The reason for this is simple. We are not breaking any laws; we are simply upholding international conservation law against a massive poaching industry.

Down on the ice edge, our fast trimaran Ady Gil continues to search for the fleet and we have some new surprises in store for the whalers this year.

I am confident that once again we will disrupt the illegal operations of the Japanese whaling fleet and that once again we will cost them their profits. Our objective is to sink them economically, to bankrupt them, and to expose their shameful slaughter of the whales to the world.

It is not easy to take on the might of an entire nation? Especially a nation as economically powerful as Japan. It is not easy to voyage every year to the bottom of the world through bone jarring seas and the howling winds and huge swells of the Southern Ocean. It is not easy to skirmish with bureaucrats trying to remove our flags, our registrations, our tax status, and who constantly try to knock us down with petty regulations and trivial paperwork. It is not easy to be down in these hostile waters battling a ruthless enemy while the internet spews disinformation in a constant propaganda effort to discredit and condemn us.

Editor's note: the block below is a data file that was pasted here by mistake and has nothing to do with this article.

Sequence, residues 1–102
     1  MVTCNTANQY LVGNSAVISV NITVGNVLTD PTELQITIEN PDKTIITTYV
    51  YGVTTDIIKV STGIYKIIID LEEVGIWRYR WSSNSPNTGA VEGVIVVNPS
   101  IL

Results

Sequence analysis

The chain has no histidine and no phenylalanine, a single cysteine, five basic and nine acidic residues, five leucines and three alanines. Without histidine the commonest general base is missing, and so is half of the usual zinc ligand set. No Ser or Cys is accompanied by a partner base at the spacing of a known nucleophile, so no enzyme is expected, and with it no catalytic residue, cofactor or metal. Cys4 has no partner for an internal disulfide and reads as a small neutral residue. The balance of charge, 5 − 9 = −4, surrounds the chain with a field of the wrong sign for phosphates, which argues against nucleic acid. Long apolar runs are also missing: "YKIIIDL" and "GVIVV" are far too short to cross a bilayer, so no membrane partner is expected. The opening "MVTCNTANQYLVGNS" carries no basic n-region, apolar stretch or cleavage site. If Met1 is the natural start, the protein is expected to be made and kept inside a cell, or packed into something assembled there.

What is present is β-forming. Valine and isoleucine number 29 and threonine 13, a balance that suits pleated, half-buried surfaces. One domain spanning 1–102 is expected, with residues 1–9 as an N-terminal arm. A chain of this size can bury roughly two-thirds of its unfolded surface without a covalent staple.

It is never easy but if it were easy, even Greenpeace would be down here.

The point is that we are down here alone, fighting superior odds armed only with a passionate courage that will allow us to weather any obstacle, natural or manmade. We are down here, not to make friends, nor to impress anyone. We are down here representing our clients - the great whales.

If every human being on the planet rose up against us, we would still be here to defend the whales.